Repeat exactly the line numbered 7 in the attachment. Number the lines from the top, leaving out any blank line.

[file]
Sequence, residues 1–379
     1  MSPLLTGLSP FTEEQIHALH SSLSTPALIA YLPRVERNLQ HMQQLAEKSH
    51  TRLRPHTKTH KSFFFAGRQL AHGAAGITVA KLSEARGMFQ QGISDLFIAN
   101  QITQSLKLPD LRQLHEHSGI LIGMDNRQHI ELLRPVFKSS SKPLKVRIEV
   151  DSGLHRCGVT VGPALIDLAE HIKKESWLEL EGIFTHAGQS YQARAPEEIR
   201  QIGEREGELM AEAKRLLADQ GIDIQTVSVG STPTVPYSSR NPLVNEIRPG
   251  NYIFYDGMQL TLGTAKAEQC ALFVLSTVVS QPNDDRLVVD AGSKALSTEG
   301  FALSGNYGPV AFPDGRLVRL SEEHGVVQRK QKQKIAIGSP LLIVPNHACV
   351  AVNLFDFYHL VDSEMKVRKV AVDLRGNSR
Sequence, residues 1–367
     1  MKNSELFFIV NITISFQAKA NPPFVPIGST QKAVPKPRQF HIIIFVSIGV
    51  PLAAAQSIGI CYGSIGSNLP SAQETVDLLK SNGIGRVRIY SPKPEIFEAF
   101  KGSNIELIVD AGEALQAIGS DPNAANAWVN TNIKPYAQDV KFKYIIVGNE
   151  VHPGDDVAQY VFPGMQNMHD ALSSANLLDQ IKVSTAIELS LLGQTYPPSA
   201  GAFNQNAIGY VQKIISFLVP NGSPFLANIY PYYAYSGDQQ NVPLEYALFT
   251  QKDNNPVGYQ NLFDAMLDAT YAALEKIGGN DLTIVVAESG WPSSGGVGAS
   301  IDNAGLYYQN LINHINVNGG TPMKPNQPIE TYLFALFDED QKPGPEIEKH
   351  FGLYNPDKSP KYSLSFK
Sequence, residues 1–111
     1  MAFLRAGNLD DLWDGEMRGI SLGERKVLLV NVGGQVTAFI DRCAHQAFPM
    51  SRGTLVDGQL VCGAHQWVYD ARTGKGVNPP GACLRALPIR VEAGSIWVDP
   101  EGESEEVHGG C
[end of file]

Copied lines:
   251  NYIFYDGMQL TLGTAKAEQC ALFVLSTVVS QPNDDRLVVD AGSKALSTEG